In the comments section of yesterday’s post about Generation Opportunity’s campaign to get young people to “opt out” of Obamacare by not buying health insurance, Myeh posted a link to this Craigslist ad for a “patriotic but weird Uncle Sam.” The ad seeks a male with “street theatre experience” to wear the Sam costume for a “conference of young activists” in Chantilly, VA. Sure enough, Generation Opportunity is based in Virginia, and they’re launching a tour of 20 college campuses later this month. Their message? The individual mandate doesn’t mean that you, individually, have to get health insurance. You’re better off getting nothing and paying the fine.
First of all, don’t take a job that requires you to wear a costume and pays $275 for two nine-hour days. That’s just over $15 an hour, and I suspect they don’t offer benefits. Second, the GenOpp campus campaign is designed to counter the numerous activist groups, such as EnrollAmerica, that are encouraging college students to sign up for state insurance exchanges. All Generation Opportunity wants to do is inform students about the pluses and minuses of getting health insurance under the Affordable Care Act.
“What we’re trying to communicate is, ‘No, you’re actually not required to buy health insurance,’” Generation Opportunity President Evan Feinberg said. “You might have to pay a fine, but that’s going to be cheaper for you and better for you.”
That’s a pretty loose construction of “you’re not actually required to buy health insurance.” Buying health insurance is not a requirement in the same sense as, say, falling toward the center of Earth when nothing is under you, but it is mandated by law. And while the $95 fine is cheaper than health insurance, it is maybe not as valuable from a services-per-dollar perspective.
Feinberg declined to say how paying a hundred bucks to get nothing was better for college students than paying several hundred bucks to get health insurance. In this case, “better” may refer less to personal well-being than to broad societal outcomes, possibly related to freedom. So let’s examine some outcomes using this handy chart:
As you can see, the worst-case scenario for buying insurance—healthy and blew a couple grand—is far better than the worst-case scenario for not buying insurance, sick and blew several grand. If there were some mechanism available by which people could pay $200 a month and guarantee that they would not get sick all year, we would want everyone in America to do it.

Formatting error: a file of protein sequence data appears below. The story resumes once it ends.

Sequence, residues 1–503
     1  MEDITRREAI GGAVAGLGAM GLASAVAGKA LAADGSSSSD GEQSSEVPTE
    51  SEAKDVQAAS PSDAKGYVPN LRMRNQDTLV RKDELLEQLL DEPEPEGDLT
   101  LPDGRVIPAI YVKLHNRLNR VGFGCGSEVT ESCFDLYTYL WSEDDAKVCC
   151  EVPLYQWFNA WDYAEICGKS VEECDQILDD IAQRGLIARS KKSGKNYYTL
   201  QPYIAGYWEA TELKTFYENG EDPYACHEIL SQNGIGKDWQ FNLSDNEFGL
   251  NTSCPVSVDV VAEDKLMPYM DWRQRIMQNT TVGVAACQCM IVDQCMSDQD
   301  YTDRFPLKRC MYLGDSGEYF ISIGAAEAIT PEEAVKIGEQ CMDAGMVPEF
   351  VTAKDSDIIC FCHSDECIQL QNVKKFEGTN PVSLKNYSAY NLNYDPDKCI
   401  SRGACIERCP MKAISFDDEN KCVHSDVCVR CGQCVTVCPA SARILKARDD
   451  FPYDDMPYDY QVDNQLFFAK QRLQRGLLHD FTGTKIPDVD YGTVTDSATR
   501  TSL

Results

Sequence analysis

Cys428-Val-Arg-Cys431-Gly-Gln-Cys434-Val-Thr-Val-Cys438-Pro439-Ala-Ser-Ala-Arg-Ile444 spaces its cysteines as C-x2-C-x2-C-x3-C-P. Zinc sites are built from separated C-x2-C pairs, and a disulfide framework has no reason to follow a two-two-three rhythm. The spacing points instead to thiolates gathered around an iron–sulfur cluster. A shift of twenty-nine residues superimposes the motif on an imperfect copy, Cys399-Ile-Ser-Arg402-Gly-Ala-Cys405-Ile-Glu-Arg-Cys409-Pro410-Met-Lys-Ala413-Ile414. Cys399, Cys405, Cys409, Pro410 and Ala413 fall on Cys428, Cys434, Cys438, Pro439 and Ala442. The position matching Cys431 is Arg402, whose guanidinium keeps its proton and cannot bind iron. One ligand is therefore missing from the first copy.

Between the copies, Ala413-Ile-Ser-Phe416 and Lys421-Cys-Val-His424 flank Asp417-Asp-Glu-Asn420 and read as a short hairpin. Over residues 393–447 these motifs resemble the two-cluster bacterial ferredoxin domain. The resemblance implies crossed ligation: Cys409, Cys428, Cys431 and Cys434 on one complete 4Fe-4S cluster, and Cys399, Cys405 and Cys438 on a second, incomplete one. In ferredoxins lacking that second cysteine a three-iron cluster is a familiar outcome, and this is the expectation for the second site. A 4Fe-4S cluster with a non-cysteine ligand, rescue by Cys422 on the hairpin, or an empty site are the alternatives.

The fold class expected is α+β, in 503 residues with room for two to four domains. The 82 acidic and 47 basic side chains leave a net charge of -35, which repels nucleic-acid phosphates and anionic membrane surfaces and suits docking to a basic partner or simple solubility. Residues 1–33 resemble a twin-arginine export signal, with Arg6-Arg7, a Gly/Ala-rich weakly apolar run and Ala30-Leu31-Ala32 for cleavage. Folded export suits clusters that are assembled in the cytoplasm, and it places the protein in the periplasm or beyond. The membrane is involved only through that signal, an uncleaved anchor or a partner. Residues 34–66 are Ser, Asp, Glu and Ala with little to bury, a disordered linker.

Contrary to what your girlfriend says about astragalus, that mechanism does not exist. The next best thing, from a societal standpoint, would be to mitigate the effects of sickness in such a way that, yeah, people still coughed or had Hodgkins lymphoma or whatever, but they got the proper treatment and its cost was already paid, or at least built into the health care/insurance economy.
The individual mandate is, from one perspective, a grotesque imposition on personal freedom. From another perspective, though, it is an attempt to get everyone who participates in the American health care system to acknowledge that they personally can get sick.
When a 27 year-old breaks his leg and can’t pay his emergency room bill, the rest of us pay for it just as much as when a 47 year-old does that. The difference is that the 27 year-old is A) more inclined to prioritize short-term savings over long-term safety and B) less likely to have money in the bank when that decision backfires. Young people may be less likely to get sick than everybody else, but they’re also more likely to be uninsured and in worse financial trouble when they do.
So again we cannot escape the sensation that Generation Opportunity is spending $750,000 to do something bad for society. It’s bad to convince young people not to buy health insurance. It’s bad for the other people in the risk pool, who have to pay higher premiums right away and, probably, more for urgent care down the line. It’s bad for the college students themselves, a certain percentage of whom will suffer financial catastrophe when they get sick.
And whom is it good for? In a broad sense, I suppose it’s good for the Republican Party, since they might see the dread Obama humiliated on a national-historic stage. But even that seems like a petty victory. The Affordable Care Act passed three years ago. It’s as if Napoleon, three years after the Battle of Waterloo, spent a million dollars encouraging French people to contract typhus and cough on the Duke of Wellington. There must be some angle to convincing young people to make bad decisions that hurt the country in order to humiliate a lame duck President, but I cannot see what it is.